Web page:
1/30/07 L 60 II. Wood 1. Vascular cambium produces vascular tissue (xylem/phloem) cambium increases width 2. Sapwood active xylem transporting water 3. Heartwood dead xylem cells, help supports tree

1/30/07 L 61 Annual Rings Narrow rings do not only signify a lack of sun or water. A forest fire may have damaged the tree's crown and slowed its growth. Defoliation by insects or fungi can have the same effect.

1/30/07 L 62 Leaf BLADE Actual name of leaf PETIOLE Attaches leaf to

stem VEIN 1/30/07 L 63 Functions 1. Cuticle waxy covering that prevents water loss 2. Epidermis skin that covers top and bottom of the leaf

3. Mesophyll Middle layer of leaf that contains chloroplasts, photosynthesis occurs here 1/30/07 L 64 4. Stoma Holes in the bottom of the leaf that allow CO2 to enter and H2O and O2 to leave 5. Guard cells Swell or shrink to open and close stoma (found only

in lower epidermis) except in plants that float, they are on the top. 1/30/07 L 65 Leaf Parts CUTICLE UPPER EPIDERMIS CHLOROPLAST Palisad

e layer MESOPHYLL XYLEM Spongy Layer PHLOEM LOWER EPIDERMIS GUARD CELLS

1/30/07 L STOMA 66 Male Flower Parts 1. Stamen male reproductive organ 2. Filament Holds up the anther 3. Anther forms

pollen (male gamete) 1/30/07 L 67 Female Flower Parts 1. Pistil (aka carpal) female reproductive organ 2. Stigma Sticky top that will catch pollen

3. Style Curved neck that connects stigma and ovary 4. Ovary Base of organ that contains ovules (eggs), ovary will develop into fruit, eggs will become seeds 1/30/07 L 68 Flower Parts STIGMA

STAMEN ANTHER FILAMENT STYLE PISTIL PETALS (COROLLA) EGG Ovule

OVARY SEPALS (CALYX) 1/30/07 L 69 1. Petals brightly colored structures found inside sepals 2. Corolla all the petals together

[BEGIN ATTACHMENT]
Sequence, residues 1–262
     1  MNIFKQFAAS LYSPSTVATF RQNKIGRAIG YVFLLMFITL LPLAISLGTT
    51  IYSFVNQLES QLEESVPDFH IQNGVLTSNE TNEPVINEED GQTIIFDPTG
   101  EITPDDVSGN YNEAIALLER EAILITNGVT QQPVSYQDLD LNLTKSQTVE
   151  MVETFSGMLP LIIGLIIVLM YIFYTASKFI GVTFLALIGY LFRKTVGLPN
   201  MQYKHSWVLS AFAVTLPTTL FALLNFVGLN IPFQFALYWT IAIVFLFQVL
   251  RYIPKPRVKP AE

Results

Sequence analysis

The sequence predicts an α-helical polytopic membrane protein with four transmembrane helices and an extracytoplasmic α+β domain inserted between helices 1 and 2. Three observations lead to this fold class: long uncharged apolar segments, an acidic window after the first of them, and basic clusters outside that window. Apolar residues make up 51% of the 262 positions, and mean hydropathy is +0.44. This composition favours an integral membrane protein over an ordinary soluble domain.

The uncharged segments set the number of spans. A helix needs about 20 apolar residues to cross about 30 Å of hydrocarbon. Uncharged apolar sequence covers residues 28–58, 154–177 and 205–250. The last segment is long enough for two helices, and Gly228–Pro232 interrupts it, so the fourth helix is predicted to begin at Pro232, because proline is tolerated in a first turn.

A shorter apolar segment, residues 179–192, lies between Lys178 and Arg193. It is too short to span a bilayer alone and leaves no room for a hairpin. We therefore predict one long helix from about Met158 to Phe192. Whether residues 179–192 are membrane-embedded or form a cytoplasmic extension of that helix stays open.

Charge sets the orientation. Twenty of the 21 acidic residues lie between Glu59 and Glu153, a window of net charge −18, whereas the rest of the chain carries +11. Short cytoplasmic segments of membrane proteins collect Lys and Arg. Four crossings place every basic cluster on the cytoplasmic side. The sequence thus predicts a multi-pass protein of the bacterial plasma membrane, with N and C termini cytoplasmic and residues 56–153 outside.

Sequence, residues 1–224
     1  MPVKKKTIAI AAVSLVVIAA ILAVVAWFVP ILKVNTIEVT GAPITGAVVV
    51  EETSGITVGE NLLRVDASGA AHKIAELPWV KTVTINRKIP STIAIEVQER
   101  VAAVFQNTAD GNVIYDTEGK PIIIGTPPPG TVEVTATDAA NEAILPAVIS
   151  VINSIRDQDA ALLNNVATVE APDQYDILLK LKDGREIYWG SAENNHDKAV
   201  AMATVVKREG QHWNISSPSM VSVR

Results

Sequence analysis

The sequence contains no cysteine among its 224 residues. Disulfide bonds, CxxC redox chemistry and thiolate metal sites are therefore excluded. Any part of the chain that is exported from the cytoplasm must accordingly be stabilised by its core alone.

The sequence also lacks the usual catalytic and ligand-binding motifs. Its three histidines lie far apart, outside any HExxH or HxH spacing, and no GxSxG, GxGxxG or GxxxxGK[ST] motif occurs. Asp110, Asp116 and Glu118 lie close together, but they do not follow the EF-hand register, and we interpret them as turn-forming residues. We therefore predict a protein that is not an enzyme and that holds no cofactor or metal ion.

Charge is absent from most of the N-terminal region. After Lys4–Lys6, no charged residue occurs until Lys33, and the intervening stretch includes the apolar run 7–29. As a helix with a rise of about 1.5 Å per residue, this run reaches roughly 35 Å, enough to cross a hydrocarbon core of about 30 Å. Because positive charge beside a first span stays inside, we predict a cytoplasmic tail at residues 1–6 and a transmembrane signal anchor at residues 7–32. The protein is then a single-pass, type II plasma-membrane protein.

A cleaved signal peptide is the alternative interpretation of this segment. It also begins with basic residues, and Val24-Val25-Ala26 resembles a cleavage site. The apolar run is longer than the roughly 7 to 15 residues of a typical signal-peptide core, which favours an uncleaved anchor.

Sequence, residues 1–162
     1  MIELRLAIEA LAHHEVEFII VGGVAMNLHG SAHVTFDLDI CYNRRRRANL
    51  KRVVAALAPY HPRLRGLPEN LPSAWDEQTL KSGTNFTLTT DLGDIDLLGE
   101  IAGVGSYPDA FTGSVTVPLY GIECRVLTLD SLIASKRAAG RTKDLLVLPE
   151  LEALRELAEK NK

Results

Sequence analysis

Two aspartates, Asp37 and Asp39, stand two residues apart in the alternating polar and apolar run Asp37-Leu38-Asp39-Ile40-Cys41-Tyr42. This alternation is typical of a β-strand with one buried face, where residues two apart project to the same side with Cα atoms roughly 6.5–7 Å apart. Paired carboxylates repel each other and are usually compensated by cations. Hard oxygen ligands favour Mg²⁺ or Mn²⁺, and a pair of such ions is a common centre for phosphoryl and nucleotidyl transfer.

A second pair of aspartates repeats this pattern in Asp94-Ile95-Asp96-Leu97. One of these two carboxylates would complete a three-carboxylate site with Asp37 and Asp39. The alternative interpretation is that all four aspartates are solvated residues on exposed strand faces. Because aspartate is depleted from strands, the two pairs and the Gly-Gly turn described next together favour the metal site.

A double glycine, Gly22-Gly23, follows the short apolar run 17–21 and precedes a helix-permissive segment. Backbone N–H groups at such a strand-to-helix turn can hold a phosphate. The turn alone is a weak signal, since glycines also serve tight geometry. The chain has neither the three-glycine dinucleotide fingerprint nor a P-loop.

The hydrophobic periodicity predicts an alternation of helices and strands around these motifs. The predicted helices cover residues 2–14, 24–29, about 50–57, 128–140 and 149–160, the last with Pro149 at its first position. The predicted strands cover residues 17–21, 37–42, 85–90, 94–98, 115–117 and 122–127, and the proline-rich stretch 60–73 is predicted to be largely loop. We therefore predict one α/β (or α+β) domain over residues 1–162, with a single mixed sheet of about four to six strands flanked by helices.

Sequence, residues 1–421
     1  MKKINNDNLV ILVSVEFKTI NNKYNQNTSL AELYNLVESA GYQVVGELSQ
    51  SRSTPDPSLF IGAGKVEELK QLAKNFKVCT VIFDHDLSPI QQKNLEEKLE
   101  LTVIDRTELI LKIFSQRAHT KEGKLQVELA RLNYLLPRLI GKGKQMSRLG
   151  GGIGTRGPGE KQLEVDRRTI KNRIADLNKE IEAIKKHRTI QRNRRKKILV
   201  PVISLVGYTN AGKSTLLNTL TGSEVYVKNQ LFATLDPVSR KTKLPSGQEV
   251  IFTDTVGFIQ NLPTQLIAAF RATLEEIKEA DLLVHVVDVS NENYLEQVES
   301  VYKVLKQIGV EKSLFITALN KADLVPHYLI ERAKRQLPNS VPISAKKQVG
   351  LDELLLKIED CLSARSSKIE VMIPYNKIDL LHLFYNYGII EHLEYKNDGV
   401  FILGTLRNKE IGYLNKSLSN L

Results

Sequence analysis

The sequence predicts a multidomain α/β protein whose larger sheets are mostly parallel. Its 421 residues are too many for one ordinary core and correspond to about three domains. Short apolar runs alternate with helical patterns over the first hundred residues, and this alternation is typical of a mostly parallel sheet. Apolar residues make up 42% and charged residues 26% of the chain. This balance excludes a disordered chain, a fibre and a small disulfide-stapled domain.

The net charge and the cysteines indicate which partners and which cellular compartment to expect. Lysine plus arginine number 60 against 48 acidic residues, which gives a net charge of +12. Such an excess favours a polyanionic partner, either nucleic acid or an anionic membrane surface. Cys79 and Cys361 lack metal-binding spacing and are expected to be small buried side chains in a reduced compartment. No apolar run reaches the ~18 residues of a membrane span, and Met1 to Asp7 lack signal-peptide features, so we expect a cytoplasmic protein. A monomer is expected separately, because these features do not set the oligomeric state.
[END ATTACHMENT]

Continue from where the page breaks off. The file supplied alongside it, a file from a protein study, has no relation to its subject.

3. Sepal Outer most flower part; encloses the bud and protects the flower 4. Calyx All the sepals together 1/30/07 L 70 Pollination/Fertilization Pollination when pollen

(sperm) is transferred from an anther to a stigma (can be from the same plant self-pollination) Fertilization when pollen on the stigma enters the ovary and combines with the ovule (egg) 1/30/07 L 71 Pollinators 3. Flies like rotting meat smell

Honeybees need a landing platform 1. 2. Night-flying moths need white, very fragrant flowers 1/30/07 L 72 Pollinators

4. Hummingbirds like bright colored (red or orange), tube-shaped flowers 5. Bats like sour, musty odors (Banana tree) 6. Wind Light weight flowers, No particular color or scent. 1/30/07 L

73 Plant Adaptations Aquatic plants have to be able to tolerate mud. To take in enough oxygen, they have tissues with large air space and stomata on the

upper side of the leaves. Salt tolerant plants can withstand salt concentrations in the soil far greater than normal plants. Epiphytes are plants that do not root in the soil, their roots get water from the air. Many plants defend themselves against insect attack by making compounds that ward off

animals. 1/30/07 L 74 Leaf Modifications

Cactus spines are modified leaves that help reduce water loss from the plant and provide protection from predators. Carnivorous plants, like the pitcher plant have leaves with adaptations that can trap insects or other small animals.

Leaves often function as water or food storage sites. This adaptation ensures the long-term survival of the plant when water resources are scarce. 1/30/07 L 75